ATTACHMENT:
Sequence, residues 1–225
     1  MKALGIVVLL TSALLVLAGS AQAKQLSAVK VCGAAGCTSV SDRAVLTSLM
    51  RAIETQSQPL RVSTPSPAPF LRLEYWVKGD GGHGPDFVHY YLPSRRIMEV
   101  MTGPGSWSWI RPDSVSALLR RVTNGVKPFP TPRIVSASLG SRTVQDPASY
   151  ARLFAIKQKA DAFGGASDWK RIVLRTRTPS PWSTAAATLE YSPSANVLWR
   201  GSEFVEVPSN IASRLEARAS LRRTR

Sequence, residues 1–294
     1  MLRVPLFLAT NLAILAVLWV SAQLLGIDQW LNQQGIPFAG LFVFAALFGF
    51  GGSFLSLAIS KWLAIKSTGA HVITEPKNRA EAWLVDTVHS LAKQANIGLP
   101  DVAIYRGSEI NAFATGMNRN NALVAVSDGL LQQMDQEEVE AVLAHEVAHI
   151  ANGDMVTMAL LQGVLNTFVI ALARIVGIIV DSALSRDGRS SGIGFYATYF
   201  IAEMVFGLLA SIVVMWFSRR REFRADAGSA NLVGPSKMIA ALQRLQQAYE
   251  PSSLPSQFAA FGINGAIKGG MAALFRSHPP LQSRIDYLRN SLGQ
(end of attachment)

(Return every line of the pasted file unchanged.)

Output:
Sequence, residues 1–225
     1  MKALGIVVLL TSALLVLAGS AQAKQLSAVK VCGAAGCTSV SDRAVLTSLM
    51  RAIETQSQPL RVSTPSPAPF LRLEYWVKGD GGHGPDFVHY YLPSRRIMEV
   101  MTGPGSWSWI RPDSVSALLR RVTNGVKPFP TPRIVSASLG SRTVQDPASY
   151  ARLFAIKQKA DAFGGASDWK RIVLRTRTPS PWSTAAATLE YSPSANVLWR
   201  GSEFVEVPSN IASRLEARAS LRRTR

Sequence, residues 1–294
     1  MLRVPLFLAT NLAILAVLWV SAQLLGIDQW LNQQGIPFAG LFVFAALFGF
    51  GGSFLSLAIS KWLAIKSTGA HVITEPKNRA EAWLVDTVHS LAKQANIGLP
   101  DVAIYRGSEI NAFATGMNRN NALVAVSDGL LQQMDQEEVE AVLAHEVAHI
   151  ANGDMVTMAL LQGVLNTFVI ALARIVGIIV DSALSRDGRS SGIGFYATYF
   201  IAEMVFGLLA SIVVMWFSRR REFRADAGSA NLVGPSKMIA ALQRLQQAYE
   251  PSSLPSQFAA FGINGAIKGG MAALFRSHPP LQSRIDYLRN SLGQ